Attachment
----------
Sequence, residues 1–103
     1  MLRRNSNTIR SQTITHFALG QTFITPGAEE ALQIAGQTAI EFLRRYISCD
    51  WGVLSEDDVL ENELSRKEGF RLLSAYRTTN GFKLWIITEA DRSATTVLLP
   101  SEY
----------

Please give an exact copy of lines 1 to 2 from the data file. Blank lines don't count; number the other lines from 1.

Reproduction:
Sequence, residues 1–103
     1  MLRRNSNTIR SQTITHFALG QTFITPGAEE ALQIAGQTAI EFLRRYISCD